Gerwyn Price Move From Rugby To Darts – Examining Sports Stars That Have Switched Sports

Gerwyn Price Rugby

As recently as 2013, Gerwyn Price, known as The Iceman to darts fans the world over, was employed as a hooker for the lower league professional rugby team Neath RFC in South Wales. Earning as little as £25k a year, the player took a job working behind a bar of the local Welsh valleys rugby club Markham Welfare to make ends meet but never let go of his dream of representing Wales at senior level.

After leaving school at 16, Price represented Wales at every age group save for senior-level, while also carving out a playing career with Glasgow Warriors and Cross Keys, the latter of which he would get to represent at Cardiff’s Millennium Stadium. After more than a decade playing, and with injuries piling up, he finally contemplated walking away from the game he loved and leaving behind his dreams of making it as a pro-sportsman. Then fate intervened.

Despite not throwing a single dart since leaving school, Price would, on a quiet day in the bar, gradually begin to chuck a few darts at a board mounted on the walls of the bar before getting skilled enough to play for the pub at weekends, playing in a local League.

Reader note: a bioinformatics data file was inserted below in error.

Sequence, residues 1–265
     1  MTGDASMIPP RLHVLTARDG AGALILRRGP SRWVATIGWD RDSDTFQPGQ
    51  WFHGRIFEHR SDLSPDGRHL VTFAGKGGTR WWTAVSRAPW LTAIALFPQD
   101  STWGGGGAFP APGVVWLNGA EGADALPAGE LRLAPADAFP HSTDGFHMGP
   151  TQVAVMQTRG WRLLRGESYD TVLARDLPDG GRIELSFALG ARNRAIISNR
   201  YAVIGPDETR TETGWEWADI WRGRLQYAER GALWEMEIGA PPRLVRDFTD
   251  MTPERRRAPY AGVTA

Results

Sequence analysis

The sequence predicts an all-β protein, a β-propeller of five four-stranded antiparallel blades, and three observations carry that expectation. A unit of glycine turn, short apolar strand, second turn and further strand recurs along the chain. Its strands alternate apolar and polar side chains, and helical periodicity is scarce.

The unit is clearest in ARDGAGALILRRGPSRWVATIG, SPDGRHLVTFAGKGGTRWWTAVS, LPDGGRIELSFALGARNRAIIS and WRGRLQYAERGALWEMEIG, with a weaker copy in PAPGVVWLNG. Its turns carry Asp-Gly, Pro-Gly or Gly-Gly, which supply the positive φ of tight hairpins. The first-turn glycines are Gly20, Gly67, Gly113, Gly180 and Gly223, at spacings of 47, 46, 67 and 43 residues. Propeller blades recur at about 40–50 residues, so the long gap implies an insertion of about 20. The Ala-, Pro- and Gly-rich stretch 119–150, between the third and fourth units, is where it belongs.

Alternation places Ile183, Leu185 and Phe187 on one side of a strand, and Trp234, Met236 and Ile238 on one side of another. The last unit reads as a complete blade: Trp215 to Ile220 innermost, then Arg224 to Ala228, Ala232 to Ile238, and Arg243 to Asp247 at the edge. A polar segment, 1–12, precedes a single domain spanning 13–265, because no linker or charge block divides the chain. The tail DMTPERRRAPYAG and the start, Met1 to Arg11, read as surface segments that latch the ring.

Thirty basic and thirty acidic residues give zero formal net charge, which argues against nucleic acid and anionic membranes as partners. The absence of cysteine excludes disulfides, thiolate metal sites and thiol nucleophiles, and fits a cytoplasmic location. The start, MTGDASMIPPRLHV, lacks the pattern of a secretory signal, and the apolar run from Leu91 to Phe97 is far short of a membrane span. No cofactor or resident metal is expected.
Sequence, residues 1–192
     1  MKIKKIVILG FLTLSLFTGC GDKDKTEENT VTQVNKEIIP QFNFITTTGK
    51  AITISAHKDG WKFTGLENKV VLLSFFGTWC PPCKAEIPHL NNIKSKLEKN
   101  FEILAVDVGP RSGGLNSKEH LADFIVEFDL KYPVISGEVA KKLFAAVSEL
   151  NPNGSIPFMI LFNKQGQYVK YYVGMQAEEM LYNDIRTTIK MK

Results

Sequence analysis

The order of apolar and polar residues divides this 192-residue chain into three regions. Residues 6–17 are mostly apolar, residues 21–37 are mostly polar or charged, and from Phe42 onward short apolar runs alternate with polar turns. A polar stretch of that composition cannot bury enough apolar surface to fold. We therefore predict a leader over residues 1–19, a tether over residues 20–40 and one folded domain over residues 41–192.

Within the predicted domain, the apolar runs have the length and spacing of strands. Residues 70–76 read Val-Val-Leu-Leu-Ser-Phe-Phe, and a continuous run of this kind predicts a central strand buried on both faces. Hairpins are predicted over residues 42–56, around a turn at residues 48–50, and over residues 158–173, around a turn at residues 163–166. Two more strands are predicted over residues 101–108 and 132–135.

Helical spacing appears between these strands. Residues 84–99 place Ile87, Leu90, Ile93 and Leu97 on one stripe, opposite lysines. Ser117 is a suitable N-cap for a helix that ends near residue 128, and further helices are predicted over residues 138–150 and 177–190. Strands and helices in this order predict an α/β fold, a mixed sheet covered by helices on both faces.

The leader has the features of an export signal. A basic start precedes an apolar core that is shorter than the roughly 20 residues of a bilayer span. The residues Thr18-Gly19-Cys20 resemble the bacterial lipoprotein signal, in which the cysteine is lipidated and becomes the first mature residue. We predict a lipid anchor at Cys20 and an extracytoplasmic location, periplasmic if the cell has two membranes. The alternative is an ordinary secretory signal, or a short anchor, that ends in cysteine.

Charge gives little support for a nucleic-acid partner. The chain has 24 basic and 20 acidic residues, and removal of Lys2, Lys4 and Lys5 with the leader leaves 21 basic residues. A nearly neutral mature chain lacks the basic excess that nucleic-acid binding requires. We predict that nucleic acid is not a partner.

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After winning a handful of tournaments locally, Price went down to a PDC qualifying school at the Robin Park Tennis Centre in Wigan on the advice of Welsh darts professional Barrie Bates and managed to bag himself a tour card. After securing his place at the UK Open in Minehead – the exact same venue of his first major televised PDC final two years later – the rugby player finally became the darter.

Rugby helps Price find success in darts

Despite not sharing much in common, rugby actually provided some transferable skills for the rookie chucker’s new discipline; composure, resilience and raising his game under pressure. Plus, years on the rugby pitch gave the would-be Iceman a physique out of step with his beer-bellied opponents. In 2016, he broke into the top 32 on the PDC Order of Merit.